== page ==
Use These Key Attributes in Building a Better Organizational Goal

By Jeff Brunings

Use These Key Attributes in Building a Better Organizational Goal

Defining organizational goals is like riding a bike, right? If you’ve done it before it’s easy to pick it up and do it again. It’s pretty straightforward. So, let’s start with those things you probably already know.

When building great organizational goals supported by the right measures and targets be sure to:

  • Provide direction, clarity and momentum to achieving your organizational vision.
  • Keeps it clear and simple. Remember, it should make sense to everyone.
  • Keep it SMART (specific, measureable, attainable, responsible and time-bound)
  • Keep it outcome-based and cross-functional.

You got this right? It’s just like riding a bike. Well, kind of.

Designing great organizational goals isn’t always that simple. There are a lot of subtle nuances, which will have dramatic impact on both effectiveness and organizational alignment.

For example:

  • Focus on what’s truly important: One of the biggest mistakes we often see are people who come up with too many organization goals. Quality is better than quantity as too many goals take focus away from what’s truly important.
  • Make the goal meaningful: Often people simply write goals that state the quantitative target they want to see like “generate 10M in revenue.” Sure, it’s simply stated, but they don’t inspire or provide any context for why these goals are important.  Spend time adding character to the goals, don’t just repeat the measure and target.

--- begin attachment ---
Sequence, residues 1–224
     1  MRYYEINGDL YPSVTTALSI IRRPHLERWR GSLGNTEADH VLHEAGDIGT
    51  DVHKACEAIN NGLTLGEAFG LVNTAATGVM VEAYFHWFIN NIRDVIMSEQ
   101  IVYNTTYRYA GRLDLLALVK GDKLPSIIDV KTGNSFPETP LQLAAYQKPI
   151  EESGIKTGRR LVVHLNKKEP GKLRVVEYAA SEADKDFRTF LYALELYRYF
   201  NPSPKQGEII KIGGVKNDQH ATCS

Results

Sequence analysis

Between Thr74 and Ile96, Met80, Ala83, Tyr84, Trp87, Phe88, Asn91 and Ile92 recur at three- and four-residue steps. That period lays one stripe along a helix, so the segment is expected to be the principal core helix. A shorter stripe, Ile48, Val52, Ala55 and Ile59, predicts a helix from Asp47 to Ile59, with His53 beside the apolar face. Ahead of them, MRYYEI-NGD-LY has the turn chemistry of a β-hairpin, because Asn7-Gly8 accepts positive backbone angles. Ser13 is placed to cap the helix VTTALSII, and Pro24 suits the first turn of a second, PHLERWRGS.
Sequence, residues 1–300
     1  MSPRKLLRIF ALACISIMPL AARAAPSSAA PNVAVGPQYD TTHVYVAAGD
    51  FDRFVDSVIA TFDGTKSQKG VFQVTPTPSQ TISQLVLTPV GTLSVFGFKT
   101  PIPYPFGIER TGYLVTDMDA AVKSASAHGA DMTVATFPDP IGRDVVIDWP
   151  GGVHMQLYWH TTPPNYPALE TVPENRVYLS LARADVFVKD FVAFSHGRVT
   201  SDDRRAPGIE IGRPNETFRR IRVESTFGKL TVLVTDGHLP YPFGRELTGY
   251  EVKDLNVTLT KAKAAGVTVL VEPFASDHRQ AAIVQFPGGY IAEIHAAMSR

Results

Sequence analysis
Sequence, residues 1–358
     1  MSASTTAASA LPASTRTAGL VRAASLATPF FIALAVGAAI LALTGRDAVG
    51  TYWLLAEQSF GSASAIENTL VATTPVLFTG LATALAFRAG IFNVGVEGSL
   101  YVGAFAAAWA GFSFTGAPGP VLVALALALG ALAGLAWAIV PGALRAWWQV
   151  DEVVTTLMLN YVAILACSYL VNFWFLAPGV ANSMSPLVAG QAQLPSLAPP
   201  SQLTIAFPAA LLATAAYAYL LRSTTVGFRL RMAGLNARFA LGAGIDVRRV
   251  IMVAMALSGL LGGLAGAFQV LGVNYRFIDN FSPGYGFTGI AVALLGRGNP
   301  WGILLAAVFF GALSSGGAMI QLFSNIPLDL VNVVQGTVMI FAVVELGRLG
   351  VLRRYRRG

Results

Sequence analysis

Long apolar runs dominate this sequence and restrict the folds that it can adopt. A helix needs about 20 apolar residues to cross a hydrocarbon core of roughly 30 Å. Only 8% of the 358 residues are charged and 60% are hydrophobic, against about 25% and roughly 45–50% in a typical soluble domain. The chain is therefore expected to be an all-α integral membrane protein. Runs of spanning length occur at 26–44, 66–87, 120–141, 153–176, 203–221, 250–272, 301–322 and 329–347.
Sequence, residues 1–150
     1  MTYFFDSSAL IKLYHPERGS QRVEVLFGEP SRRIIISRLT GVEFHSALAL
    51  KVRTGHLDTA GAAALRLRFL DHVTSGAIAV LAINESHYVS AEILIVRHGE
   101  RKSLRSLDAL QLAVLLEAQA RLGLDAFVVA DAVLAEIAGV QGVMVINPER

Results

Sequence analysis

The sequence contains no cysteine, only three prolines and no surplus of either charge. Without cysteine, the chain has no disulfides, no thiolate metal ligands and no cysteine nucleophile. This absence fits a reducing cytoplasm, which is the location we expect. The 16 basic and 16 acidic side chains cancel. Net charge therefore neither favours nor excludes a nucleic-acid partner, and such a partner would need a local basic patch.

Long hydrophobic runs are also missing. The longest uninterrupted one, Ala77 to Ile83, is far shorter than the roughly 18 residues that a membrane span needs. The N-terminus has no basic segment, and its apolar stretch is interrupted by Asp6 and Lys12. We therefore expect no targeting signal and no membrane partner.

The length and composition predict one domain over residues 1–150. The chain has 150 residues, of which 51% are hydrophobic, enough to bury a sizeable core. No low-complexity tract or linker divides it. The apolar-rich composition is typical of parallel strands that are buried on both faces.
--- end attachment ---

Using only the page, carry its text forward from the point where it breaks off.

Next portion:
• Measure what you want to see: This is a little more complicated. Often people write goals that say, “increase revenue by 20%.” The challenge is when reporting progress against a goal people want to see the actual revenue target, not a percent increase. A better approach is to use “total revenue” as the measure with a target based on the actual dollar amount equaling a 20% increase.

Lastly, ask yourself how far is your trajectory? We’ve heard it described as “are you shooting for the moon or the mountains?” What’s the difference? When shooting for the moon your organizational goals are lofty and bold. They’re serious stretch goals. Sometimes shooting for the moon is the right thing to do. It’s motivational. So if shooting for the moon, be sure to carry this same trajectory when defining departmental and team member measures and targets. Don’t tie comp structures to moon goals.

But what does it feel like to aim for the mountains? For one, you don’t need a Hubble telescope to see it. It’s clearly in your line of site. It’s achievable. Targets, while aggressive, are reasonable.

The lens from which you measure the distance of your target needs to be consistently applied throughout the organization. If the organizational target is 10 miles away, so should the targets associated for your department and team member goals. If it’s 238,900 miles away, (actual distance to the moon) then use the same trajectory for departments and individual targets.

You get the picture. It’s like riding a bike.

StrategyCheck: Where are you playing and how will you ensure you’re going to win?

Jeff Brunings

With over 20 years management experience in multi-industry environments, Jeff drives customer experience by advancing the effectiveness of OnStrategy’s cloud-based platform and services.

One Comment

  1. steve ayuba
    Dec 04, 2014 @ 11:14:50

    thank you Jeff for these simple attributes on goal setting.




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